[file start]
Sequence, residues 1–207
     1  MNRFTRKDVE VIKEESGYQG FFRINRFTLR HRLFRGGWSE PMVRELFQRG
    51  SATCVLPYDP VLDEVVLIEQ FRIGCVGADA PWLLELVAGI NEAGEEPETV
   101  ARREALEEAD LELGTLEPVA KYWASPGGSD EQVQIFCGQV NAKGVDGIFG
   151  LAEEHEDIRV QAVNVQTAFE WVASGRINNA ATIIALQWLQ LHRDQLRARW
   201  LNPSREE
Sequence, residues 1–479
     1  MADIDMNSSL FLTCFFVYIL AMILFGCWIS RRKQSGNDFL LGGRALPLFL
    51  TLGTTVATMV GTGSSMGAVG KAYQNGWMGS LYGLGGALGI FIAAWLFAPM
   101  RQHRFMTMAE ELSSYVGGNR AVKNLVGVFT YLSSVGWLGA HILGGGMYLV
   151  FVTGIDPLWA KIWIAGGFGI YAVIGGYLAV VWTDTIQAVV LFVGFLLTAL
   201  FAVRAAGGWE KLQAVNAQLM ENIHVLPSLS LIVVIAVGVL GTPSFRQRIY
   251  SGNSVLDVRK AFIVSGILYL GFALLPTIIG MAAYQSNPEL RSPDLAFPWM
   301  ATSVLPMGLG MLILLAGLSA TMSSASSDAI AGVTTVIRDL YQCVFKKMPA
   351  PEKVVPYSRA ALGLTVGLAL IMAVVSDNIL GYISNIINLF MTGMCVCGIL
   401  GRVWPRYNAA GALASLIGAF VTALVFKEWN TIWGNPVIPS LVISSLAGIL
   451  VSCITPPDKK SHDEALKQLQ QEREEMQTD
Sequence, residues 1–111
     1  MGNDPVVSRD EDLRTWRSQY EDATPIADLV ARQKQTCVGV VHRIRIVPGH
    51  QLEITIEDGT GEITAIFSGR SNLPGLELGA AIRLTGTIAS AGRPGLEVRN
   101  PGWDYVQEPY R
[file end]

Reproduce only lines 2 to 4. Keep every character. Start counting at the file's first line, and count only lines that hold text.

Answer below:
     1  MNRFTRKDVE VIKEESGYQG FFRINRFTLR HRLFRGGWSE PMVRELFQRG
    51  SATCVLPYDP VLDEVVLIEQ FRIGCVGADA PWLLELVAGI NEAGEEPETV
   101  ARREALEEAD LELGTLEPVA KYWASPGGSD EQVQIFCGQV NAKGVDGIFG